The presidential election taught us yet again about the importance of cybersecurity, but it seems the cannabis community is kicking off 2017 with a few lessons as well. Over the past few weeks, hacks of state and national marijuana databases have caused major headaches for businesses, as well as a few minor ones for customers.
Firstly, in the closing days of 2016, Nevada’s Division of Public and Behavioral Health discovered that the database for the state’s medical marijuana program had been hacked. In a press release, the DPBH stated that information about employees and owners of medical marijuana businesses had been infiltrated, although they believe that patient information remains secure. Regardless, the state took down the entire system to investigate the breach. At press time, the portal remained down; the incident was still under investigation and the state has no timetable on when the issues will be resolved.
“I have not seen any communication regarding when the system will be back up,” says Armen Yemenidjian, CEO of Las Vegas’ Essence Cannabis Dispensary. “Or, more importantly, the extent of the breach. Forget when we’re going to go back up: Whose data has been compromised? I hope and I believe that the state is doing this in an abundance of caution. That’s the smartest thing to do is to take everything off-line.”
In the meantime, dispensaries are doing things the old-fashioned way. “In order to stay in compliance, at the end of each day we’d generate reports and then send them to the designee that the state had given,” explains Mikel Alvarez of Blüm dispensary. “We generate a report through our POS system.” The lack of a computerized system has also required some extra paperwork from patients, as they are required to fill out affidavits stating that they have not bought more than the state-sanctioned 2.5 ounces every two weeks. “Some customers have gotten a little agitated—why do I have to do this?” says Yemenidjian.
The second, national hack came about two weeks later, as cannabis compliance system MJ Freeway was the victim of a malicious hack. “The attack was very focused on the corruption of our system and disabling of our system,” says Jeannette Ward, director of data and marketing at MJ Freeway. “It’s still an active investigation with a third-party IT firm and we’ll pursue potential criminal action, so we’re keeping the details reserved.”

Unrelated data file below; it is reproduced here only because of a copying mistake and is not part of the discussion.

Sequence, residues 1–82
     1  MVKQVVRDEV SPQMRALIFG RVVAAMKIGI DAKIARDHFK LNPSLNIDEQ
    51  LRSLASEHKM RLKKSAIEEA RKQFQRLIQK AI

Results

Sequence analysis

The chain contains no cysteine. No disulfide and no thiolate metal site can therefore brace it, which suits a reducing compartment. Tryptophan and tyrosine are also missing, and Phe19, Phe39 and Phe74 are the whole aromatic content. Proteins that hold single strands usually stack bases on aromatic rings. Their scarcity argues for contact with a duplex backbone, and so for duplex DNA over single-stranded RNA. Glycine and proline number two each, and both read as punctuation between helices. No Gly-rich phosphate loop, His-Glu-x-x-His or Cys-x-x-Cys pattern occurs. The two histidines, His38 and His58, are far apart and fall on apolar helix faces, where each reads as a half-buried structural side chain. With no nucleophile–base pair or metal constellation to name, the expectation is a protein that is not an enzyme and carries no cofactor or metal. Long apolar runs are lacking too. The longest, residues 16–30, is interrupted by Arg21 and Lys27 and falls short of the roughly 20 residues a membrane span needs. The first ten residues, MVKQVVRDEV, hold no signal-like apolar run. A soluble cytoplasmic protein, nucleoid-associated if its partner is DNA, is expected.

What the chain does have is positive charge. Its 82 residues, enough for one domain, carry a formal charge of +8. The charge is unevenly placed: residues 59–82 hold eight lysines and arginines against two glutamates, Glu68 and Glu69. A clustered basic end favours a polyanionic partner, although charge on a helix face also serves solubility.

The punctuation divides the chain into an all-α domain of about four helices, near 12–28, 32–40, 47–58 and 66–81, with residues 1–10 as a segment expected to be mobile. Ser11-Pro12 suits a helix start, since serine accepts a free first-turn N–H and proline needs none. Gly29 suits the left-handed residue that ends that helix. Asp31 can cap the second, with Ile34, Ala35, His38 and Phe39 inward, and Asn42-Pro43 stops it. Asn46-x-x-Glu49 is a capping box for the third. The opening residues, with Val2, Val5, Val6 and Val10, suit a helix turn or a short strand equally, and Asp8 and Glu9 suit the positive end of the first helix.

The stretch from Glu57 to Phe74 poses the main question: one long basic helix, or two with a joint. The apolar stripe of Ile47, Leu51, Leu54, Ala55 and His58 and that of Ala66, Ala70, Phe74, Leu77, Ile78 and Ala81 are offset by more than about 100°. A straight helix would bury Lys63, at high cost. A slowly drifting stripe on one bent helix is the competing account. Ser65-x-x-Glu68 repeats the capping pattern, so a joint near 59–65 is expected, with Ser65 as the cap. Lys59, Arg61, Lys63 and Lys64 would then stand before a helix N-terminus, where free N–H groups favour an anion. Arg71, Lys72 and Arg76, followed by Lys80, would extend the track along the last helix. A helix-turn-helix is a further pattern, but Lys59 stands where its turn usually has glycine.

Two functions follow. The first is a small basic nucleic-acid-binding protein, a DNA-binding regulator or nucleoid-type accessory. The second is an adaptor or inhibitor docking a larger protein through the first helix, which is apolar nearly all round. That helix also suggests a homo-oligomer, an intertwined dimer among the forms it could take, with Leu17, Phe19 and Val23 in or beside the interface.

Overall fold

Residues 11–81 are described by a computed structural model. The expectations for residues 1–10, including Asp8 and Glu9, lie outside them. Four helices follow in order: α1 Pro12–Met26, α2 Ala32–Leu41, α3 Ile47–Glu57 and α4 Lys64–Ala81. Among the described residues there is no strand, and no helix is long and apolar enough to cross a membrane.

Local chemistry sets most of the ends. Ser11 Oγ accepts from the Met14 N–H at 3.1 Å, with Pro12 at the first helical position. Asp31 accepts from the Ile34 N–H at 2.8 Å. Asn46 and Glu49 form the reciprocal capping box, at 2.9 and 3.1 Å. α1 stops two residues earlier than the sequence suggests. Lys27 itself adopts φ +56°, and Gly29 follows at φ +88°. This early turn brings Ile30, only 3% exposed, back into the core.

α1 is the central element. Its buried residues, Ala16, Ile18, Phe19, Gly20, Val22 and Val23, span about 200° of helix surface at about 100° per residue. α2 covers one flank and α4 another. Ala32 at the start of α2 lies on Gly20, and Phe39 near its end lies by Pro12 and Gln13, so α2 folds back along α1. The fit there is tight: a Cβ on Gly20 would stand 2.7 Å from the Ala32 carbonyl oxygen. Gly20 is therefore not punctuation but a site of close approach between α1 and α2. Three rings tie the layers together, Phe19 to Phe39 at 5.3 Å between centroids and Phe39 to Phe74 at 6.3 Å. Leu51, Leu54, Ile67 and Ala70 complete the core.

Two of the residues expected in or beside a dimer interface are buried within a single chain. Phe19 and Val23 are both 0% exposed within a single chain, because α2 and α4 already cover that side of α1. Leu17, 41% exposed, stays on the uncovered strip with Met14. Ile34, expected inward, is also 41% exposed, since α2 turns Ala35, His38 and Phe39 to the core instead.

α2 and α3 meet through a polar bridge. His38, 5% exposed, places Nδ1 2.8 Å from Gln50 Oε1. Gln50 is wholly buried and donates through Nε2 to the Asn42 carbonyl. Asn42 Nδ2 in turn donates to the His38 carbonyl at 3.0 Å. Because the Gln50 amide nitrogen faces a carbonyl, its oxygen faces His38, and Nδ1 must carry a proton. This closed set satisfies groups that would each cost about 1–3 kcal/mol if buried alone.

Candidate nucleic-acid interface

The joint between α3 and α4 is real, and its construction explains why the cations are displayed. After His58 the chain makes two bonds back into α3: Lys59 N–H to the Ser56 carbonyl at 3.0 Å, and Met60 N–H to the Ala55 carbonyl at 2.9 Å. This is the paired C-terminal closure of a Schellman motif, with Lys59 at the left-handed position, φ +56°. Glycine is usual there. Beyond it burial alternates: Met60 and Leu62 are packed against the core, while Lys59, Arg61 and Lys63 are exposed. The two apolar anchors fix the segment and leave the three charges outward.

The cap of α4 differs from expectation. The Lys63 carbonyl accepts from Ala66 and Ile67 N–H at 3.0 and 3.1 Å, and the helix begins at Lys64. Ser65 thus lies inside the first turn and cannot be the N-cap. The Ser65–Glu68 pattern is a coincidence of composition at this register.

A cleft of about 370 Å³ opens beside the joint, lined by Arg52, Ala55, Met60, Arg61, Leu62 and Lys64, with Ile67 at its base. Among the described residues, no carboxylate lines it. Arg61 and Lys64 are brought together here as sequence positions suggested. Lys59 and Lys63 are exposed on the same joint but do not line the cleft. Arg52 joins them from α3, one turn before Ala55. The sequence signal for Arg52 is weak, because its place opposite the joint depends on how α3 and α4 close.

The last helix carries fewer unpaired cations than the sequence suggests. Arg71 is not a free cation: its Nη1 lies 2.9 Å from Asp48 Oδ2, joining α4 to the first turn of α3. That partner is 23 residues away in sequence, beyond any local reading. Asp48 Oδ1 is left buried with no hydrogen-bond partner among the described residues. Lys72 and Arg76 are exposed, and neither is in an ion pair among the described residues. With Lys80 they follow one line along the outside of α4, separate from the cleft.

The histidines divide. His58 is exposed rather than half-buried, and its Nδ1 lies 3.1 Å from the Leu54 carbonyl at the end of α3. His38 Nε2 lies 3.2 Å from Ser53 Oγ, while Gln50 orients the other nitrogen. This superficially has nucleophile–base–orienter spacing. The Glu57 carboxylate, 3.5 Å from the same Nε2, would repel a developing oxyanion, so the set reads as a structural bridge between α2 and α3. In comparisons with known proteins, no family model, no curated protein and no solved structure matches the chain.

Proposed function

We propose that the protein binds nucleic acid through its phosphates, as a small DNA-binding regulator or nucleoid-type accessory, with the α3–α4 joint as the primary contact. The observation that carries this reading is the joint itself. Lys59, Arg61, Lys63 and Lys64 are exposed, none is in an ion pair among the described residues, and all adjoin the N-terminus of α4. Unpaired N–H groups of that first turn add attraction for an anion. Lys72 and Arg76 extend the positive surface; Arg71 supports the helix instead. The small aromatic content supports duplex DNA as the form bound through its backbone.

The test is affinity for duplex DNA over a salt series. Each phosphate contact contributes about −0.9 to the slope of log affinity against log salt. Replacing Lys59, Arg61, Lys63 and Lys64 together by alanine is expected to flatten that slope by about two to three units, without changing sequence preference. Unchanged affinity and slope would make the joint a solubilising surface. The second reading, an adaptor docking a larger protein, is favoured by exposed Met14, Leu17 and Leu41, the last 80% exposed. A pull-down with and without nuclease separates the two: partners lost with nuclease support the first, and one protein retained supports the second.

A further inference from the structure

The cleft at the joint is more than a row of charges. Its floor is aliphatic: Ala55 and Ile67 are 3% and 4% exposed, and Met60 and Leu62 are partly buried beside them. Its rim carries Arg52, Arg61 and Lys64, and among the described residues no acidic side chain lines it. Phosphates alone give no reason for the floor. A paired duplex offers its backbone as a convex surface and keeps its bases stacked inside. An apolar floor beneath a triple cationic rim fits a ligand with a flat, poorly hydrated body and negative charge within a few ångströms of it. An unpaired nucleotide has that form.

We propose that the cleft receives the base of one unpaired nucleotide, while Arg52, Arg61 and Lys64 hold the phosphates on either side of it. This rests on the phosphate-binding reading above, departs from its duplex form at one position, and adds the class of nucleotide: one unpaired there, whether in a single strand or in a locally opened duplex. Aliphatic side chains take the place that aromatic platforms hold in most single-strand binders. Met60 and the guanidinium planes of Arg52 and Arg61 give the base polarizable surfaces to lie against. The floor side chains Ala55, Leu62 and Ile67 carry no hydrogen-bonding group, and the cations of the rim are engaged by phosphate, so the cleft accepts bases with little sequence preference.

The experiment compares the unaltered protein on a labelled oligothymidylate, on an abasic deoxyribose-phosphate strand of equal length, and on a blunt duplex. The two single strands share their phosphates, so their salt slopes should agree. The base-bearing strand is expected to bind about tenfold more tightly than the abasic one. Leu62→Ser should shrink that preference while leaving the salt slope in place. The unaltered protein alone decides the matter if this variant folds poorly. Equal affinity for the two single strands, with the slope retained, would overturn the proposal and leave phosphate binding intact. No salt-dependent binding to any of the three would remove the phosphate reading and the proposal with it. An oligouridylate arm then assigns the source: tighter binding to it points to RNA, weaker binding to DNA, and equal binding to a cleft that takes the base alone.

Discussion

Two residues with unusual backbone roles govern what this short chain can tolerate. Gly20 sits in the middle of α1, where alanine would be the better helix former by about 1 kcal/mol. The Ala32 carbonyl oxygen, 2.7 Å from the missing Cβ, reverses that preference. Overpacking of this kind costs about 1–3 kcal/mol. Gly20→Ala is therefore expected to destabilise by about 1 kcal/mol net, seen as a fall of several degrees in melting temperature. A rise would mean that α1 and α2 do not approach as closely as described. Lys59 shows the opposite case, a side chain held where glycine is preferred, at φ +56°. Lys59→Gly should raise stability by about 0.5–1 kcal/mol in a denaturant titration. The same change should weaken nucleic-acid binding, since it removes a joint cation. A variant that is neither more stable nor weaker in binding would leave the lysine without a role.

MJ Freeway is one of a number of companies who provide seed-to-sale tracking for hundreds of marijuana grows, production facilities and dispensaries across the country. The company has been individually contacting clients to reboot their accounts. “We’re doing them individually so we can set up new passwords and new URLs for all of our customers. If we flip them all back online with the old passwords, it’s just not secure,” explains Ward, adding that, “we’re also setting them all up in a completely different server environment. Again, it’s about prioritizing security and stability moving forward.”
“I don’t think that the state’s inability to have proper protocol with respect to cybersecurity should reflect poorly on the ability of marijuana operators to run a highly compliant business,” Yemenidjian points out. And, despite the issues, cannabis advocates remain positive.
“I don’t think the hacks are a significant issue thus far. Any time you put stuff on the internet, you open up the possibility for data breaches,” says State Senator Tick Segerblom, adding that, “It does support the need to implement recreational marijuana as soon as possible since no names or personal information will be required to purchase adult use.”
Segerblom will be leading efforts to hammer out the details of adult recreational use during the upcoming legislature, which can’t come soon enough for some. Alvarez says Blüm has been seeing “about 30” would-be rec customers per day. “Rather than hang a sign on the building, we let them come in and we explain it to them… It’s not that we don’t want to sell, it’s that we’re not allowed to sell.” Hopefully not for much longer.